Beinecke Library at Yale– Mar 30, 2021
The Beinecke Library stewards a set of 22 pencil drawings of the Amistad captives as they awaited trial in New Haven, 1839-40. The sketches were done by William H. Townsend, a New Havener who was about 18 years old when he made the drawings. George Miles of the Beinecke Library discusses the drawings. and Joy Burns, a member of the contemporary Amistad Committee, discusses the resonance of this event in history for New Haven and the nation today and share efforts to commemorate the Amistad now and for the future.
In 1839, the Spanish slave ship Amistad set sail from Havana to Puerto Principe, Cuba. The ship was carrying 53 Africans who, a few months earlier, had been abducted from their homeland to be sold as slaves. The captives revolted against the ships crew, killing the captain and others, but sparing the life of the ships navigator so that he could set them on a course back to Africa. Instead, the navigator surreptitiously directed the ship north and west. After several weeks, the Amistad was seized by the U.S. Navy off the coast of Long Island and the Africans were transported to New Haven to await trial for mutiny, murder, and piracy.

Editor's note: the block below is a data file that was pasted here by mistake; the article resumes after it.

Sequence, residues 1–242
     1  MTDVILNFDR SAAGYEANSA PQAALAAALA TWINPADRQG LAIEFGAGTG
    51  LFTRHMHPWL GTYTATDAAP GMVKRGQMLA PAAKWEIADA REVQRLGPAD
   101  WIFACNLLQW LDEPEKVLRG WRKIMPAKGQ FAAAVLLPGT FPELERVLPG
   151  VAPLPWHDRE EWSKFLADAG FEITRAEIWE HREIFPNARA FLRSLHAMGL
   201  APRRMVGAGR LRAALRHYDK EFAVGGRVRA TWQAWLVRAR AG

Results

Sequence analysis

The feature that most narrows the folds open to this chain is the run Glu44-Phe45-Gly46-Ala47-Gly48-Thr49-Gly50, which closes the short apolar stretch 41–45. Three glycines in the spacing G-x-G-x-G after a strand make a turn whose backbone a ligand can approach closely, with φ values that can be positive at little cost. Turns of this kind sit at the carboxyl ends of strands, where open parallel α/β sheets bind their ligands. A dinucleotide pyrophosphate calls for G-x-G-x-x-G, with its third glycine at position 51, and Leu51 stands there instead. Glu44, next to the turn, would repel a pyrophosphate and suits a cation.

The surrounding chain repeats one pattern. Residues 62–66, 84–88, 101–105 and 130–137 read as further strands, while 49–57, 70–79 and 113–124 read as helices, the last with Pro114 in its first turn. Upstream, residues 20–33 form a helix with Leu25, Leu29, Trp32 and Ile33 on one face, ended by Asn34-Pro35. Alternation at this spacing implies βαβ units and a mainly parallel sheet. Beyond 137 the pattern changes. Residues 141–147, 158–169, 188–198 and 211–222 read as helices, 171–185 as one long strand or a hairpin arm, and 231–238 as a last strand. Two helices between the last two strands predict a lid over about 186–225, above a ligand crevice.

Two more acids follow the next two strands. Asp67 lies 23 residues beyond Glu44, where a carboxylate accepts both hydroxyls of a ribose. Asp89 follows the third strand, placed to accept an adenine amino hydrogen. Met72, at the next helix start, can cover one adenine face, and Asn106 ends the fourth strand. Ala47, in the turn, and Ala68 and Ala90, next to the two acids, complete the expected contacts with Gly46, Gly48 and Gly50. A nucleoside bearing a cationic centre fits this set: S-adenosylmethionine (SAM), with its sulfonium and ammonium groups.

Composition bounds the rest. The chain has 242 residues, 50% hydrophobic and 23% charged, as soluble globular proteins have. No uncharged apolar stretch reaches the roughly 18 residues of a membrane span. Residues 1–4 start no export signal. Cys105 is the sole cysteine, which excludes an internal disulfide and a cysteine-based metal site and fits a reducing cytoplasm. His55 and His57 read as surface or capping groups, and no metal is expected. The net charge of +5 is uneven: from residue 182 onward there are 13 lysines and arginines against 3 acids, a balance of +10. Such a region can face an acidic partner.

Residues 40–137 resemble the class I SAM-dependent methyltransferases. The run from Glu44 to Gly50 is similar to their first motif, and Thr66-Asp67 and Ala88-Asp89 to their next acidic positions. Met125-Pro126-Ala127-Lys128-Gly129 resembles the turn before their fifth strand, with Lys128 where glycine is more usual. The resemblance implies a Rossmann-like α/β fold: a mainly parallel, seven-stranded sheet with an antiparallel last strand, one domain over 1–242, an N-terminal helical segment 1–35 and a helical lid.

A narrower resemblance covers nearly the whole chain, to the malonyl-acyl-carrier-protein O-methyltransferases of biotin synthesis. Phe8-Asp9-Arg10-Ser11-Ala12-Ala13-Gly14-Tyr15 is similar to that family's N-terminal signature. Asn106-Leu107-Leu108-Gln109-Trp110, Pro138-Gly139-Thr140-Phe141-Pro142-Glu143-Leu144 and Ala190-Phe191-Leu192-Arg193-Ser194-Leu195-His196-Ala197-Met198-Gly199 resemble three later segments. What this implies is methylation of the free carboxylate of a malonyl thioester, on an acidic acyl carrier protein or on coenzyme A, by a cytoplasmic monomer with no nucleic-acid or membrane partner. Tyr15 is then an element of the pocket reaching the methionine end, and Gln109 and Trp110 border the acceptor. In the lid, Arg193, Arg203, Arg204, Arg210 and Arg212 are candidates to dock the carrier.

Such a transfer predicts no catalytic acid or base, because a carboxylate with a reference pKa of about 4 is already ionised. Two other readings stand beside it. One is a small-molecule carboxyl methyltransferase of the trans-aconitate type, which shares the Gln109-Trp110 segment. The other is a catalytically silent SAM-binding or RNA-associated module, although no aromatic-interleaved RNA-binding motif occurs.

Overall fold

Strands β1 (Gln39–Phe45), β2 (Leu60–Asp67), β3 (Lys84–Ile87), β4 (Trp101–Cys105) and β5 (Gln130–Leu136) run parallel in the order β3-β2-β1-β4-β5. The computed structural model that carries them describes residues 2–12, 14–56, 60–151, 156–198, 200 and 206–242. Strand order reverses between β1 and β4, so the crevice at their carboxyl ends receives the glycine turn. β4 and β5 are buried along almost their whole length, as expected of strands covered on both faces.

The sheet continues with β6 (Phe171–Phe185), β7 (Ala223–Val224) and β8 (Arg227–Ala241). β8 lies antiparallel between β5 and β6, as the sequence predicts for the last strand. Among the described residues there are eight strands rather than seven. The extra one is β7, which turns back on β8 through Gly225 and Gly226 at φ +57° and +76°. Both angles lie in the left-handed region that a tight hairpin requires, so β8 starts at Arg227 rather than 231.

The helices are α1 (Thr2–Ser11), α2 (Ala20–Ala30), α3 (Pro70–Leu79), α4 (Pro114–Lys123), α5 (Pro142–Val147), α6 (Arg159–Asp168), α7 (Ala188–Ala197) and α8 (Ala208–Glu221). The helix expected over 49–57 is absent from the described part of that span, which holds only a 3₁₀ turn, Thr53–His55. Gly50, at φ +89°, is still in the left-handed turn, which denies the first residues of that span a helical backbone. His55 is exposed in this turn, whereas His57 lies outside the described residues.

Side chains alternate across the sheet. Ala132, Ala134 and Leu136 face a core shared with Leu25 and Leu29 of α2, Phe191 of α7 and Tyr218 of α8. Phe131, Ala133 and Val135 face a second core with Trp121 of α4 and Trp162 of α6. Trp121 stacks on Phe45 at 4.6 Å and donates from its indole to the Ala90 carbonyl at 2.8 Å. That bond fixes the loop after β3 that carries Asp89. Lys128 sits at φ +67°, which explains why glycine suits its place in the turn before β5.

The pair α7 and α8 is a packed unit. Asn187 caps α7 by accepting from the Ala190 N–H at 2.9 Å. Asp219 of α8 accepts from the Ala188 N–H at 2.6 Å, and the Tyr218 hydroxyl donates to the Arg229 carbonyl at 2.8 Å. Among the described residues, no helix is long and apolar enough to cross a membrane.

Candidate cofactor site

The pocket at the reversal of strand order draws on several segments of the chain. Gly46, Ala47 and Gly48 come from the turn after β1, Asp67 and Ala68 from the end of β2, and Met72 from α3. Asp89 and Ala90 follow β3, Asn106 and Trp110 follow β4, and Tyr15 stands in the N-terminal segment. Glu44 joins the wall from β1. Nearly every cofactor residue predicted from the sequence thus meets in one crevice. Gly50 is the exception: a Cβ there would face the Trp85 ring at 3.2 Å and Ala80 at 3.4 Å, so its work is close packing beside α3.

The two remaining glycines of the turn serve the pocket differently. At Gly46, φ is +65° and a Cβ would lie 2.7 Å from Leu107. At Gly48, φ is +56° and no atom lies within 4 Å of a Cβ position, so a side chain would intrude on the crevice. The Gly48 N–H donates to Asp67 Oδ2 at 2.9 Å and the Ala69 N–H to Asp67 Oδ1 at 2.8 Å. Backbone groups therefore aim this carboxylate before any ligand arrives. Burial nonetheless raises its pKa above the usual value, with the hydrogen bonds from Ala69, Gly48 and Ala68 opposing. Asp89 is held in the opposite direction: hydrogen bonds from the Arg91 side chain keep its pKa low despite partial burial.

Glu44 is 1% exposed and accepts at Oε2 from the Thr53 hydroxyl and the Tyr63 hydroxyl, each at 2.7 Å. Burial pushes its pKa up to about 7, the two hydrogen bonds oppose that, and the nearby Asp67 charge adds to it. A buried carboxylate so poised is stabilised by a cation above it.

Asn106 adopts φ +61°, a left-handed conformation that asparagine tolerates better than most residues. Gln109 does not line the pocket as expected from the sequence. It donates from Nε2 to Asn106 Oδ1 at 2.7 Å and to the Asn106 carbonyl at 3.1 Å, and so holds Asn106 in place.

Slavery advocates held that the Amistad prisoners were slaves and thus they should be punished for their uprising and immediately returned to Cuba. Abolitionists, on the other hand, argued that though slavery was legal in Cuba, the importation of slaves from Africa had been outlawed; thus, they claimed, the prisoners were not slaves, but freemen who had been kidnapped and thus had every right to escape their captors and even to use violence to do so. The case was important to the proslavery-abolitionist debates that were raging in the U.S., and to the international debates about treaty obligations with regard to slavery and the legality of the international slave trade.
After two years of legal battles, their case was successfully argued before the U.S. Supreme Court in 1841.
For Library of Congress (LOC) listing see:
The Amistad captives | Library of Congress
(Portraits are listed individually — along with other cross-listings from Yale’s collections)